That's right, Margaret Thatcher's household income came in part due to South African investments under apartheid.

  • Re:What a great man (Score:5, Informative)

    by clarkkent09 (1104833) on Thursday December 05, 2013 @10:26PM (#45615241)

    Reagan after the Congress vote on SA sanctions:

    "America - and that means all of us - opposes apartheid, a malevolent and archaic system totally alien to our ideals. The debate, which culminated in today's vote, was not whether or not to oppose apartheid but, instead, how best to oppose it and how best to bring freedom to that troubled country ....
    Punitive sanctions, I believe, are not the best course of action; they hurt the very people they are intended to help. ...
    It would be tragic to lose this opportunity to create a truly free society which respects the rights of the majority, the minority, and the individual. There is still time for orderly change and peaceful reform. South Africans of good will, black and white, should seize the moment."

    He (correctly IMHO) believed that gradual change was the best course and that suddenly weakening the government would hand the power to ANC which at the time was a strongly anti-capitalism, pro-USSR, extremely violent (look up its practice of "necklacing") movement.

    It is to Mandela's credit that he controlled such a vicious organization and managed to bring about peaceful change instead of the race and ideological war that would have taken place with just about anybody else in his place.

  • Re:What a great man (Score:4, Informative)

    by PopeRatzo (965947) on Thursday December 05, 2013 @11:23PM (#45615583) Homepage Journal

    30 secs of google found a NY Times article* by Floyd Norris from 2011, using data from the Commerce Department, shows that it avg GDP growth was 3.5% under Reagan, The Gipper and 3.2% under Carter,

    Here's something more recent that shows something different:

    If you calculate the average GDP growth by term, you get the figures you cite. If you calculate the average GDP growth by presidency you get Carter ahead. See the paper below, figure 1b: []

  • Re:What a great man (Score:5, Informative)

    by mjwx (966435) on Thursday December 05, 2013 @11:25PM (#45615591)

    Reagan & Thatcher opposed "sanctions". They didn't support apartheid.

    They supported the apartheid government, which is the same thing. It's like saying you support the German government in 1939, but you don't support Nazis.

    The Nazis were democratically elected into power []. If you supported democracy, you had to support the Nazis in 1939 (prior to their invasion of Poland in September). I opposed the younger Bush and voted against him both times, but I supported his government because he fairly won a democratic election.

    The Nazi's were elected, but not democratically.

    In 1933, the Nazi's had an organisation called the Sturmabteilung or SA (commonly called the brown shirts) which acted as a private army for the Nazi party. Their role during the election was to act as standover men to watch who voted for who and to provide "assistance" to people who voted incorrectly. The German election of 1933 was pretty much rigged and immediately after the election Hitler set about destroying the democracy, stabbing his political enemies and adsorbed the SA into the German army. []

    It has no equilency to the election of George Bush (either of them).

    Now I did not vote for Tony Abbott in the Australian elections, I do not support the Abbott government as is my democratic right to oppose an elected government and I will take any steps, legal under Australian laws to oppose and democratically remove the Abbott government because I believe the Abbott government is bad for Australia (he's essentially our George W Bush and in his 2 months in office has proved this in spectacular fashion). The brilliant thing about democracy is that the leaders dont get to rule by fiat until the next election and that you are allowed to be critical or in open opposition of a government. Of course Abbott supporters will oppose me (as is their right), but I'm not worried as Abbott seems to be proving my points for me.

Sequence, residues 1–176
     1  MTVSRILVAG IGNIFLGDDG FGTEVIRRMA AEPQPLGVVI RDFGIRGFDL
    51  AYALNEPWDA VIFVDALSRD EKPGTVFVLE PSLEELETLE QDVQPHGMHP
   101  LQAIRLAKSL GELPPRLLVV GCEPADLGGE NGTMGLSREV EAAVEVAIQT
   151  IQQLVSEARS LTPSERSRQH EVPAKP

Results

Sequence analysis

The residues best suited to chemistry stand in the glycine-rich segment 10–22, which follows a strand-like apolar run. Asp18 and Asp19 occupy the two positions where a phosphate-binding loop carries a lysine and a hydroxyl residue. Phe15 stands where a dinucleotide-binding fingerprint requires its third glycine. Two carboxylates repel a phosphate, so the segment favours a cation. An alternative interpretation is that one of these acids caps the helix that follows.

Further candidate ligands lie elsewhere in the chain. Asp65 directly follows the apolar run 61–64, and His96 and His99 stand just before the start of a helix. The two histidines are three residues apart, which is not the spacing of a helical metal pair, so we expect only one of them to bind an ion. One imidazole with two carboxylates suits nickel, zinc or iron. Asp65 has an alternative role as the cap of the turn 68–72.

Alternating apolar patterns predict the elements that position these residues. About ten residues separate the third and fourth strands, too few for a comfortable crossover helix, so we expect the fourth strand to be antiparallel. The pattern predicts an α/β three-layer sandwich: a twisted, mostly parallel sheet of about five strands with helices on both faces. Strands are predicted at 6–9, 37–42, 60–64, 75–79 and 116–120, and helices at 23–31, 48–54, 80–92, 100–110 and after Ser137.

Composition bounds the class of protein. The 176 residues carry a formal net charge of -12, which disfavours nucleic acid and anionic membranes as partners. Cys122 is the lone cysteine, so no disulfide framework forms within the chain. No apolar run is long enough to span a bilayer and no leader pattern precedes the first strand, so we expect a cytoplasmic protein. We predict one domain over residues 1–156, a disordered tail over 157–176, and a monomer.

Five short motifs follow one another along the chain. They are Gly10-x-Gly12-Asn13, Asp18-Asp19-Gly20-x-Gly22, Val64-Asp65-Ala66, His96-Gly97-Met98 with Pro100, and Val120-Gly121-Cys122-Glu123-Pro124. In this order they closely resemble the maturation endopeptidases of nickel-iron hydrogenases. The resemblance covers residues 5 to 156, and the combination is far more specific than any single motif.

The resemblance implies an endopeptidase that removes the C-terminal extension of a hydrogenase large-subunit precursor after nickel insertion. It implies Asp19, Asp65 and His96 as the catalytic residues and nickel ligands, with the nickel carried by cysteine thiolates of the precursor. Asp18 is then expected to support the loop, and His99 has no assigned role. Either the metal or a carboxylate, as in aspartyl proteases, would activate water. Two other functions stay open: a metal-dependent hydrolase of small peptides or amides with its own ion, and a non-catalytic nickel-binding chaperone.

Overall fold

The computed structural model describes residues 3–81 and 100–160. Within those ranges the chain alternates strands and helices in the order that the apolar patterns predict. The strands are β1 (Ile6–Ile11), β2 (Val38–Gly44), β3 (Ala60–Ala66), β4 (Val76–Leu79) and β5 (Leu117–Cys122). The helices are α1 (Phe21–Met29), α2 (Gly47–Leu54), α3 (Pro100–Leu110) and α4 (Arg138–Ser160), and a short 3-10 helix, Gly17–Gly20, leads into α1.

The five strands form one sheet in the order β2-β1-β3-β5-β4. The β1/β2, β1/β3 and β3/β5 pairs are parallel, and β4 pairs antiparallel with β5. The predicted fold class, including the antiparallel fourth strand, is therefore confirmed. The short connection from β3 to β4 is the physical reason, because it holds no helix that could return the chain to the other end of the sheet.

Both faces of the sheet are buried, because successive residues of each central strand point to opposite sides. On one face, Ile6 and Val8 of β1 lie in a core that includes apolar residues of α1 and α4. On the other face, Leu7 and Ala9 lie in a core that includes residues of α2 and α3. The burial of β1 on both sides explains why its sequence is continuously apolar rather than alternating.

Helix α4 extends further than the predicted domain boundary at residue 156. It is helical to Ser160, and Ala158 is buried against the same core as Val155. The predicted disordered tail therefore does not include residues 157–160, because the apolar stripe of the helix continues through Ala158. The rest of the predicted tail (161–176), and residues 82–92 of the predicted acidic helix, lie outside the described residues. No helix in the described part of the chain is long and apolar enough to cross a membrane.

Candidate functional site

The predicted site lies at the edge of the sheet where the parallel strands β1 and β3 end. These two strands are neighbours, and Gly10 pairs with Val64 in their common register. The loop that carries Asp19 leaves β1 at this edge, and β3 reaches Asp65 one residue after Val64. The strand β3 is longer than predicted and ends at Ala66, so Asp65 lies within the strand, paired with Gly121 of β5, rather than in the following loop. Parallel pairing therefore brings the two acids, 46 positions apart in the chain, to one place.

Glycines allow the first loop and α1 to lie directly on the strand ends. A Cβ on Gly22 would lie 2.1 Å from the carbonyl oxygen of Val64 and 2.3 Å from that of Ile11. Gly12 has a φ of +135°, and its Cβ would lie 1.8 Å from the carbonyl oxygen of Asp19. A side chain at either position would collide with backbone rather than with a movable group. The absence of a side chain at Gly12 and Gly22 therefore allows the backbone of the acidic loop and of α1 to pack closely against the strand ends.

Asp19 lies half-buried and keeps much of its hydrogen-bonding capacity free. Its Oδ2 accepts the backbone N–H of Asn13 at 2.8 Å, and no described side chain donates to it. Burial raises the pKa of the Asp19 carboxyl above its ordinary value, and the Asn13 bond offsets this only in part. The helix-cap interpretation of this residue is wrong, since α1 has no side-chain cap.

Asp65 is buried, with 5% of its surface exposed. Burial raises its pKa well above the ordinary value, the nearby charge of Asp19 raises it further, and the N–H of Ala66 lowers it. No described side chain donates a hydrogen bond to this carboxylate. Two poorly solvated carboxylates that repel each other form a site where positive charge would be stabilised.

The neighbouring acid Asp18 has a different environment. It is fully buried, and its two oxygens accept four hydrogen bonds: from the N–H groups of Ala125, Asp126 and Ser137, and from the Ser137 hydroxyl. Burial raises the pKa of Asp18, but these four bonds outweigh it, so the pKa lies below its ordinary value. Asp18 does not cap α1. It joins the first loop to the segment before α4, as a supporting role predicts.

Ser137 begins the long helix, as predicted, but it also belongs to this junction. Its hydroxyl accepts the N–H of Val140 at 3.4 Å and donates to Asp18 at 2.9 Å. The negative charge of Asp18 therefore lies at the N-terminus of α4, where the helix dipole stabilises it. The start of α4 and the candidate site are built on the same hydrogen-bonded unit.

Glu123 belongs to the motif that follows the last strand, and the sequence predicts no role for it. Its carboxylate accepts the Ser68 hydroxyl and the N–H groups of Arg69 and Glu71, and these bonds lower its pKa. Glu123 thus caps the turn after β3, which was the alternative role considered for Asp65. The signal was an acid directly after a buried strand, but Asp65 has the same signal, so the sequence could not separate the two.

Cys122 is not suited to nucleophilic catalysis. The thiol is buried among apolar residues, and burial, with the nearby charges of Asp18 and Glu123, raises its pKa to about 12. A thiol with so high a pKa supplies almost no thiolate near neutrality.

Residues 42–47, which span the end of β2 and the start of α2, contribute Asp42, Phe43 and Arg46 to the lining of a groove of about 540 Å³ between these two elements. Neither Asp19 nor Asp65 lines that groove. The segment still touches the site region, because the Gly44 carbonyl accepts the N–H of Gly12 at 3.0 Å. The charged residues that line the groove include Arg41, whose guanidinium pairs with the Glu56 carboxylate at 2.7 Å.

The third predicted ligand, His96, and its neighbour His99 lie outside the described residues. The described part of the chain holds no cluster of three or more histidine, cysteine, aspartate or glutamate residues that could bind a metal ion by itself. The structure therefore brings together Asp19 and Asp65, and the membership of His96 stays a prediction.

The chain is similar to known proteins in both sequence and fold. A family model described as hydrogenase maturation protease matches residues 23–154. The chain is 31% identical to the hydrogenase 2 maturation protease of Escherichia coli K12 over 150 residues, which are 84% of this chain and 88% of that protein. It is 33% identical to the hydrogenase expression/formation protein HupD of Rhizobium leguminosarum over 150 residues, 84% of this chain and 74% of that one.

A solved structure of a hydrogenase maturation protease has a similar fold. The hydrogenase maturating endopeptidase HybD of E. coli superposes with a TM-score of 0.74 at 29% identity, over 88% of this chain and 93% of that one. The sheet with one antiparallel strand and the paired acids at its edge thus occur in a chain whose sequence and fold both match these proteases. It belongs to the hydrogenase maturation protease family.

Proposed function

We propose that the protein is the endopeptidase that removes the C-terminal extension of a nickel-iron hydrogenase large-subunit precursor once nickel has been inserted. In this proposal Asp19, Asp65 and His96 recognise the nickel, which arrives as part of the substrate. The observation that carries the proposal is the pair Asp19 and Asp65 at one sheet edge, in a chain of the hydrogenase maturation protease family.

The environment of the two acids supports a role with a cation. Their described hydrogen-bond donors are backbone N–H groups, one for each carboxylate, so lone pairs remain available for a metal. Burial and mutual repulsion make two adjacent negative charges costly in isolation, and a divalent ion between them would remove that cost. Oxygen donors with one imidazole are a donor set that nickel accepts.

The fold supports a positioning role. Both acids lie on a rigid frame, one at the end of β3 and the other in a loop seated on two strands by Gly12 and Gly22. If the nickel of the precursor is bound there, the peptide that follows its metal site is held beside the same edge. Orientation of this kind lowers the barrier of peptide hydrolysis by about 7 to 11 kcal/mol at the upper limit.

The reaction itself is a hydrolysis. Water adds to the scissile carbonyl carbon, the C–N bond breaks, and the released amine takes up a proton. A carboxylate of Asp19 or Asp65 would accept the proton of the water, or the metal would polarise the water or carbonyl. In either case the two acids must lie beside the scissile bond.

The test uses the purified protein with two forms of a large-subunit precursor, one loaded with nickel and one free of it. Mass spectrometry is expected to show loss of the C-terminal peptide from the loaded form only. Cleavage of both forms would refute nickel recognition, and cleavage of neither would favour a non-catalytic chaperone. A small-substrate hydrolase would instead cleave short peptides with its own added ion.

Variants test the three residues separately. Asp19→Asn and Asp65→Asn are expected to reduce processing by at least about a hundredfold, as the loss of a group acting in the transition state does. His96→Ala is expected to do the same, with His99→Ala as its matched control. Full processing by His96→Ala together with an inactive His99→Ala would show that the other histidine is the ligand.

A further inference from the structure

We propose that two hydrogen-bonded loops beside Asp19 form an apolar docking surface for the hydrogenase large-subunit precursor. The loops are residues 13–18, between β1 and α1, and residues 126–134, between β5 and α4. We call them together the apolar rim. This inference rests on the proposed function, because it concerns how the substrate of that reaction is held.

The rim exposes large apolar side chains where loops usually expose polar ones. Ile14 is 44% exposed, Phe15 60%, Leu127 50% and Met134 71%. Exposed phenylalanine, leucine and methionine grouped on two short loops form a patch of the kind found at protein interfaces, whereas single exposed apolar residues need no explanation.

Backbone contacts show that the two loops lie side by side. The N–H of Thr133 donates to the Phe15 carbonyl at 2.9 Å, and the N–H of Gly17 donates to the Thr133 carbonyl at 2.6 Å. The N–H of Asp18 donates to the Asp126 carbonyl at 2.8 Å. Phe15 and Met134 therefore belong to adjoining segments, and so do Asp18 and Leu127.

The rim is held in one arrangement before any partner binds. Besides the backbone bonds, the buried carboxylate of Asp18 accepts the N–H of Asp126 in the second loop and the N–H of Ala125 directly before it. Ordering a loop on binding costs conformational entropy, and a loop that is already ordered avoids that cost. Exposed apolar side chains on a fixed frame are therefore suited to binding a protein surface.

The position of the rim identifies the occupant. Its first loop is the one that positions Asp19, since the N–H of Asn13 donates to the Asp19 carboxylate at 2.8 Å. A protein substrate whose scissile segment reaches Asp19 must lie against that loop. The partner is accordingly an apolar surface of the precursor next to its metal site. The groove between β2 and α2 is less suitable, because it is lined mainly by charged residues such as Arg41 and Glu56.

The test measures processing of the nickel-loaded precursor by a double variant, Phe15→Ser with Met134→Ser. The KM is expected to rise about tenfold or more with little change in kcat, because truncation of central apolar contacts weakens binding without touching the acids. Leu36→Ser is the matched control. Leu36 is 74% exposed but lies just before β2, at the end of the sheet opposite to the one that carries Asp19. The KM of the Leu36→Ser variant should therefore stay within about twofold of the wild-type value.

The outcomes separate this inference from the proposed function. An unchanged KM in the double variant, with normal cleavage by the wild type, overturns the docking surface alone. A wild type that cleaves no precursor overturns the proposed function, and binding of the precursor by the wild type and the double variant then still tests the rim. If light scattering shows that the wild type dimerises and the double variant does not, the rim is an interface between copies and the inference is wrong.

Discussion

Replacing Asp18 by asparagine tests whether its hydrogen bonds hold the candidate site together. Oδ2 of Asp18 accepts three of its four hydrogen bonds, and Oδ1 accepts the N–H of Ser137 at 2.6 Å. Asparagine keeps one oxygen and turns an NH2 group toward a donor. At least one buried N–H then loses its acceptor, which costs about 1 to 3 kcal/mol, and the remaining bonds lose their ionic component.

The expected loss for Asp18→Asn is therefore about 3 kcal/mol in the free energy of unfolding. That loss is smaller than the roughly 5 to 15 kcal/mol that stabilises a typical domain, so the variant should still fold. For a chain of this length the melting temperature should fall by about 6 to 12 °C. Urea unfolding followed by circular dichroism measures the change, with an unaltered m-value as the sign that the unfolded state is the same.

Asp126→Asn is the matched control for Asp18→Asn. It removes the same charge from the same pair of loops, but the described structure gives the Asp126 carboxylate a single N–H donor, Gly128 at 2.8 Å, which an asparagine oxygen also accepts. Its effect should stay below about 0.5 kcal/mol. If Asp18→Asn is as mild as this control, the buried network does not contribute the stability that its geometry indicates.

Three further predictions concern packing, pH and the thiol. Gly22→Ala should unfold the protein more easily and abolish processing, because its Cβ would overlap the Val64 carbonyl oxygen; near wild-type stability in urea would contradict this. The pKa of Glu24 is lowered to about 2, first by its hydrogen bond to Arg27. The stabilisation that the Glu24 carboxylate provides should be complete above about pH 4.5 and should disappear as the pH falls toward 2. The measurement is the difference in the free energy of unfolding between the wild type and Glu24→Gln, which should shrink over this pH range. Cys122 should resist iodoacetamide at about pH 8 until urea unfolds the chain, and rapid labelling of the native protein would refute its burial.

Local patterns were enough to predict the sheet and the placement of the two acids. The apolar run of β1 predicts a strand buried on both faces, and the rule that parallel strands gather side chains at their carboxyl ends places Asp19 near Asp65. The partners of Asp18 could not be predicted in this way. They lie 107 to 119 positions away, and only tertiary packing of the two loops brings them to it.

• by Smauler (915644) on Thursday December 05, 2013 @11:46PM (#45615707)

    Mandela, ~ unlike all other hypocritical politicians all around the world, ~ is a dude who was TRUE TO HIS WORDS.

    I think his actions speak louder [].

    "The TRC (Truth and Reconciliation Commission) found that torture was "routine" and was official policy – as were executions "without due process" at ANC detention camps particularly in the period of 1979–1989."

    Mandela founded MK [], because he thought the ANC was not militant enough.

    I think he was right and just to do most of the things that he did. Brushing under the carpet military and terrorist tactics like most seem to do now, because he was on the right side, is unhelpful IMO.

    It wasn't his words that influenced politics in South Africa, it was his actions, however unsavoury they were. Also, yes, I do know he was in prison when those attacks took place. The organisation he founded carried out the attacks.

  • Re:What a great man (Score:5, Informative)

    by flyingfsck (986395) on Friday December 06, 2013 @01:47AM (#45616293)
    You just have no fscking idea do you? How the hell do you use 250,000 hand grenades and 140 tons of explosives for peaceful purposes? If you want to ignore all the people who died because of his callousness, maybe you should think of the children his wife murdered?
  • Re:What a great man (Score:1, Informative)

    by torsmo (1301691) on Friday December 06, 2013 @02:03AM (#45616345)
    He is not his wife. Her actions are her own responsibility.
  • Re:What a great man (Score:5, Informative)

    by shutdown -p now (807394) on Friday December 06, 2013 @05:26AM (#45617033) Journal

    Thing is, ANC did deliberately target civilians. Churches, that kind of thing. A lot of that came up in the Truth and Reconciliation Commission.

    So yes, ANC were definitely terrorists. Fighting for a just cause, perhaps, but the definition is about the means, not the ends.

Contemptuous lights flashed flashed across the computer's console. -- Hitchhiker's Guide to the Galaxy